“Scialog”, short for “science” and “dialog,” was created in 2010 by the Research Corporation for Science to accelerate creative scientific breakthroughs by giving researchers a forum that lets them cross disciplinary silos and collaborate on new ideas and methods.

Research publications

Monitoring gender and prioritizing gender-specific indicators in global WASH

Experts at the Rollins School of Public Health have partnered with the WHO/UNICEF Joint Monitoring Programme for Water Supply, Sanitation and Hygiene (WASH) to monitor gender and add gender-specific variables to this well-known set of basic health targets for developing countries.

The authors, including assistant professors of global health Bethany Caruso and Sheela Sinharoy, produced a 60-page report after a multi-year, multi-phase initiative. The report recommends adopting 15 priority gender-specific indicators to existing health monitoring targets. The specific indicators identified in this report will enable national and global monitoring bodies to identify gender and age inequalities related to WASH, track changes over time, and provide national governments with the data needed for taking action to address inequalities.

The equity of PrEP uptake in its first decade

Researchers at Rollins School of Public Health recently published a study in The Lancet Regional Health examining some factors behind the lack of progress in adopting pre-exposure prophylaxis (PrEP) for HIV prevention in the U.S. PrEP refers to use of medications to prevent AIDS before it occurs, particularly in higher risk populations. Though PrEP has been approved for HIV prevention in the U.S. for over a decade, adoption has been slow. The researchers, including first author Patrick S. Sullivan, the Charles Howard Candler Professor of Epidemiology, used pharmacy data to look at the number of PrEP users across different regions, races, ethnicities and sexes between 2012 and 2021.

Over the study period, PrEP use went up among all racial and ethnic groups, sexes and regions. However, the PrEP-to-need ratio (a measure of PrEP usage relative to a population’s HIV risk) showed that PrEP uptake is not equitable across any of those three measures. To increase equitable uptake of PrEP and decrease new HIV infections, it is important that interventions focus on getting PrEP to the populations that need it the most.

Media and sexual violence among adolescents in Vietnam

Southeast Asia has a high prevalence of sexual violence, and the media through which youth learn about sex can contribute to the issue. In a new article in Archives of Sexual Behavior, researchers from Rollins School of Public Health interviewed key informants from schools and youth organizations in Vietnam to learn about sexual violence and gender and sexual norms among youth.

Participants shared that youth in Vietnam recently have increased access to media about sex because of greater access to media technology. Some of what they were exposed to includes incorrect or inappropriate information, and some depicts coercive or violent sexual activity that prompts imitation. The authors, including Asa Griggs Candler Professor of Global Health Kathryn Yount, concluded that comprehensive sexual health curriculum in Vietnam should respond by adapting to this media landscape and focusing on sexual violence prevention.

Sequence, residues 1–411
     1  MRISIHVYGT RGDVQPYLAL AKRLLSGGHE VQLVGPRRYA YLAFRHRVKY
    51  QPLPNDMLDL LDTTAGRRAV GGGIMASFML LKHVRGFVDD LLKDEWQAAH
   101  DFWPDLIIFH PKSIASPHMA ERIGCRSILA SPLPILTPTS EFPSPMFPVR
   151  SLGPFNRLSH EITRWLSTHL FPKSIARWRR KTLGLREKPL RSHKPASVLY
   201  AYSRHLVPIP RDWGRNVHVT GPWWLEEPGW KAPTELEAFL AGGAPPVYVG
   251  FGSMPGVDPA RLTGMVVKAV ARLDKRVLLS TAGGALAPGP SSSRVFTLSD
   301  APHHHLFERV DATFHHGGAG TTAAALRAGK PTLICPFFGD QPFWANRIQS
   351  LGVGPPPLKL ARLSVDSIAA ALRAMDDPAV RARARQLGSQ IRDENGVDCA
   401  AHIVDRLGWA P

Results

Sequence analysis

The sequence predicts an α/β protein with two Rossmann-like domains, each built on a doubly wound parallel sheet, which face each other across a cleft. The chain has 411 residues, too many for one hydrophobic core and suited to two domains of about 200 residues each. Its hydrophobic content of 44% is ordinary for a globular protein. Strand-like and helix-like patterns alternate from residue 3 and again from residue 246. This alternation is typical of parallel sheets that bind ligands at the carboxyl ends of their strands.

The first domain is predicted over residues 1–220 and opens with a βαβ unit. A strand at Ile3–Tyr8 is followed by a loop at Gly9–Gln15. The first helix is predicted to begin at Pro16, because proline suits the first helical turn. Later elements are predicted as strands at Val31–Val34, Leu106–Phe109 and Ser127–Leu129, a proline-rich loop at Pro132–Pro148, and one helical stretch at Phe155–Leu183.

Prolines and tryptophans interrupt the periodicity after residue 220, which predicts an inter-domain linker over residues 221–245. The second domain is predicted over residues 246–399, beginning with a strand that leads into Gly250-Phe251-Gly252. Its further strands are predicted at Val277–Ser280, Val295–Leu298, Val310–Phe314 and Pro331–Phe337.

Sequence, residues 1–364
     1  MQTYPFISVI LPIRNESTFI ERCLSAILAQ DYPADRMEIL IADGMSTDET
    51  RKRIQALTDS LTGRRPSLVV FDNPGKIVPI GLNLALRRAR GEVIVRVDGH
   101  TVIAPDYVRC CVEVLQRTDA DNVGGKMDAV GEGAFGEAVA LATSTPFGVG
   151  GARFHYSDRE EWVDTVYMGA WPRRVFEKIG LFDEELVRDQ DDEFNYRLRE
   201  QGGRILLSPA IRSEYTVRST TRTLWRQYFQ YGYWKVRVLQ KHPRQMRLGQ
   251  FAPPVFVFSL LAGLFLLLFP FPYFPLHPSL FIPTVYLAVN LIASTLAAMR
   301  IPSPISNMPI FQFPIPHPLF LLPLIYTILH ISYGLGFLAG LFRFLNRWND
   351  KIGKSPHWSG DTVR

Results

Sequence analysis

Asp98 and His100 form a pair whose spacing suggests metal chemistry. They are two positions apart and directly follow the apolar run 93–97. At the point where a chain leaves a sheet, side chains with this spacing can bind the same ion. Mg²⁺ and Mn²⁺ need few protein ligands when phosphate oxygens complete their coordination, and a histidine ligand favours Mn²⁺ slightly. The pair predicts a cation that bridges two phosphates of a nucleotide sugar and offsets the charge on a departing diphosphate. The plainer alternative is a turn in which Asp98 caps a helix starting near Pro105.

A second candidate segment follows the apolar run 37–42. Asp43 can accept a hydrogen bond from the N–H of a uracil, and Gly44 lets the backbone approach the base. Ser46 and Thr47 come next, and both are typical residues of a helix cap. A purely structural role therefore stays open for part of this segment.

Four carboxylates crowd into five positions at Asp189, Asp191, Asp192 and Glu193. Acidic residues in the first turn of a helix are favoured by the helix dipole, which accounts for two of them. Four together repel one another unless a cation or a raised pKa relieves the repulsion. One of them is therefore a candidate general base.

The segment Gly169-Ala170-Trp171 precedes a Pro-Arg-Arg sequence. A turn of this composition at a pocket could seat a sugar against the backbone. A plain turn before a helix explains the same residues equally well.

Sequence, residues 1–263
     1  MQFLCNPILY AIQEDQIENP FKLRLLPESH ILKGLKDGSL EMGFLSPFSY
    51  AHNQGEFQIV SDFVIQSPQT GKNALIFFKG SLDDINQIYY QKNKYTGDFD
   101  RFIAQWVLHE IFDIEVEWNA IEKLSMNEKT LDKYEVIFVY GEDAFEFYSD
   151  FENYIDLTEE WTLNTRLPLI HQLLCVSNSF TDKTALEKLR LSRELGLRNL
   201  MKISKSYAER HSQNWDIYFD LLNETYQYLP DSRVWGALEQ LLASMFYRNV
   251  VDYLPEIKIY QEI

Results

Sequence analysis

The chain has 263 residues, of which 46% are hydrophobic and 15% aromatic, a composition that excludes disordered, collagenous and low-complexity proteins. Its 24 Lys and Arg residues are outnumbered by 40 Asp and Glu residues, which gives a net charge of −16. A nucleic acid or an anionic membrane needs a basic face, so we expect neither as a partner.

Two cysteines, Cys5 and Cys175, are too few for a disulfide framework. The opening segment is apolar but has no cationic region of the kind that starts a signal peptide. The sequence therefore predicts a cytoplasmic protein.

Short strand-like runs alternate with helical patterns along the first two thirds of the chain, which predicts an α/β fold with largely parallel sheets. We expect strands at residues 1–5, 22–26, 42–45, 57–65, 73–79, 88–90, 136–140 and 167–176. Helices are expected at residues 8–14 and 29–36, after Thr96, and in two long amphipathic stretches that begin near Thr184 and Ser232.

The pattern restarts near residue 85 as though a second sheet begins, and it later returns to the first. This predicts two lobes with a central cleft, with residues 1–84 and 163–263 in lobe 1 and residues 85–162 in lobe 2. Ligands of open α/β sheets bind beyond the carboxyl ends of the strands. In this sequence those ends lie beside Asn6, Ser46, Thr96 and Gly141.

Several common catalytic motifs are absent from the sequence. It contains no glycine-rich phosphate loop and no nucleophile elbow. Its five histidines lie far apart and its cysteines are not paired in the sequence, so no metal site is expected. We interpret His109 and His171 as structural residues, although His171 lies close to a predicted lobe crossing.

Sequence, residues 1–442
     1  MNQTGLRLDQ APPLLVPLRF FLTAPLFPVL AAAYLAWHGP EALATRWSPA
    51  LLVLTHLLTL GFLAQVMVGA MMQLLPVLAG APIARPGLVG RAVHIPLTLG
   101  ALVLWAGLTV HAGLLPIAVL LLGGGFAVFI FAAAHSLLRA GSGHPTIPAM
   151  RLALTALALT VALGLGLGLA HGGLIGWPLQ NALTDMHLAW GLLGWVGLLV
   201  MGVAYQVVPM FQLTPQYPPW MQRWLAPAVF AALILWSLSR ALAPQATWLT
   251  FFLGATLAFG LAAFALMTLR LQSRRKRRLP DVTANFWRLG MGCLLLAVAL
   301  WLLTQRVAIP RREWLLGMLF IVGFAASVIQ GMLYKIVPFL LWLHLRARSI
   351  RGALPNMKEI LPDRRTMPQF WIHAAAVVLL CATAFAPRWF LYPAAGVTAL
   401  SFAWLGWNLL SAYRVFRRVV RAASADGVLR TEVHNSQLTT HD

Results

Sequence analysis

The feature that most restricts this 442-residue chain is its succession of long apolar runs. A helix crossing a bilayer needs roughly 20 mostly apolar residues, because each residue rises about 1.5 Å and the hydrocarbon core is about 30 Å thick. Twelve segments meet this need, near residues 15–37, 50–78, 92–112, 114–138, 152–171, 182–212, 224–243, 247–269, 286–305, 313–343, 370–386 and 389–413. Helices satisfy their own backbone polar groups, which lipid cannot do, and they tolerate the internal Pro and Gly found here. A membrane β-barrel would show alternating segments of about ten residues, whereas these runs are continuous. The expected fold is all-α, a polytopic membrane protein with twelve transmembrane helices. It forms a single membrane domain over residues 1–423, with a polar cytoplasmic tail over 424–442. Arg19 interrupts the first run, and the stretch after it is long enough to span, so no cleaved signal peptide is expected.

Research addresses higher mental health care needs in parents caring for children with cancer

A team of researchers, including Emory faculty, recently examined the prevalence of mental health challenges faced by parents caring for children diagnosed with cancer. Their study published by JAMA Network Open provides the first evidence of how parents of children diagnosed with cancer in the United States actually use mental health services.

Team members include Xin Hu, PhD, MSPH, a former doctoral student at Rollins School of Public Health and senior author Xu Ji, PhD, MSPH, assistant professor of pediatrics and a researcher at Winship Cancer Institute and Aflac Cancer and Blood Disorders Center of Children’s Healthcare of Atlanta. Findings show parents caring for children with cancer were more likely to have health care visits related to anxiety and depression compared to parents of children without a cancer history. According to senior author Xu Ji, the findings highlight potential benefits from existing standards of care that recommend routine psychosocial assessment and interventions, which could improve access to mental health care referral and treatment for caregivers.

Novel approach shows promise in enhancing effectiveness of radiotherapy for squamous cell head and neck cancer

A study led by Winship Cancer Institute researcher Yong Teng, PhD, associate professor of hematology and medical oncology at Emory University School of Medicine, could impact future treatment of squamous cell head and neck cancer.

In the research, published in Science Advances, the team worked to inhibit the effects of heat shock protein 90 (HSP90), one of a class of proteins produced by the body that helps protect it from stressful conditions but also interferes with the ability of the immune system to attack cancer cells. Working through a combination of clinical insights and animal studies, Teng’s team explored what happened when they used a synthetic small-molecule drug called ganetespib to reduce the potential impact of HSP90 on tumor metabolism and immune response.

Findings show that combining ganetespib with radiation therapy resulted in a stronger anti-cancer effect compared to using either treatment alone.

New compound boosts immunotherapy efficacy in immune-suppressive triple-negative breast cancer

Immunotherapies involving the programmed death receptor 1 (PD-1) protein have shown promise in helping some patients with triple-negative breast cancer. The PD-1 protein, found on the type of immune cells called T cells, helps keep the body’s immune responses in check, which limits their ability to attack cancer cells. As a result, immune-based approaches to cancer treatment are limited by the inherently immunosuppressive nature of the tumor microenvironment, which can cause patients to develop resistance to the treatments and render them ineffective.